Do you have a favorite spot to write?

When I’m journaling or free writing, I love being out in nature; I find that the words flow better in that setting. When I need to buckle down and do some serious writing, however, the outdoors can be a distraction, so then I prefer being inside, but close to a window. Nature always calms and centers me. A cool, eclectic coffee shop is nice, too, but so often I find myself either distracted by people-watching or music playing too loudly. I need a fairly quiet environment when I write, or only very soft background music. I wish to goodness I could write in the midst of lots of activity and noise. I’d get a lot more written. But I’m just not wired that way.

What do you do when you’re not busy writing?

Well, like many writers, I like to read and watch movies. I like to cook, but I like it better when I have people to cook for. Hobbies that have come and gone, but which I hope to get back to, include learning Spanish and playing the piano. I also like to have at least one trip to look forward to, so I spend a good deal of time dreaming and scheming about travel.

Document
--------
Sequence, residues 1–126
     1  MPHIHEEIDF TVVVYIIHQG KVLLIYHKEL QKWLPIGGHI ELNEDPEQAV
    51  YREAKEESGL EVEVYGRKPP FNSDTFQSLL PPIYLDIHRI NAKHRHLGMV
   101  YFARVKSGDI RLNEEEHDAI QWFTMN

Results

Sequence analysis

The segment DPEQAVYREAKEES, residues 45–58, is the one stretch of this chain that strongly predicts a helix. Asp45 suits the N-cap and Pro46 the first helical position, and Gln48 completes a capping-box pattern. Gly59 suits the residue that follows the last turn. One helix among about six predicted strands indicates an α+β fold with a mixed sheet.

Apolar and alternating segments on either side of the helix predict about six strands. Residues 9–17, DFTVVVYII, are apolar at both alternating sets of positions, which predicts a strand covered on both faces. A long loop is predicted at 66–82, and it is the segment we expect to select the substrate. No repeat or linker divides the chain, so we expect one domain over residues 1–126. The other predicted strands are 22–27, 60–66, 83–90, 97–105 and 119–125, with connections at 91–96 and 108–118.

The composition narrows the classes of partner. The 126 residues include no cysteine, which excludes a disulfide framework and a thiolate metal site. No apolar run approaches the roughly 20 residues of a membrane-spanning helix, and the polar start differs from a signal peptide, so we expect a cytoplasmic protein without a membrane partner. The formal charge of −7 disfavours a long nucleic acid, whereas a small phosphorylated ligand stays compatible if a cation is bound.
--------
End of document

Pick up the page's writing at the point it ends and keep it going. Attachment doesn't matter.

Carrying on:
Would you like to tell our readers about anything you’re working on at the moment?

I might return to my novel, or some other work of fiction. FLAVORS FROM HOME took a lot out of me, as writing any book will, so I need to just relax and get back to having fun with writing and enjoy not working on a deadline. I’d also like to do a little more spiritual and inspirational writing. Outside of writing, I’m still very motivated and committed to helping the immigrant and refugee communities. I’m involved in a new group called Global Commons, which is an initiative to bridge our local and international communities in town and provide transformative educational opportunities that will help cultivate global citizenship. And of course I still love teaching English to immigrants.

Your recently published book features a number of recipes and has food as a topic. Did compiling and writing recipes teach you anything about writing in general?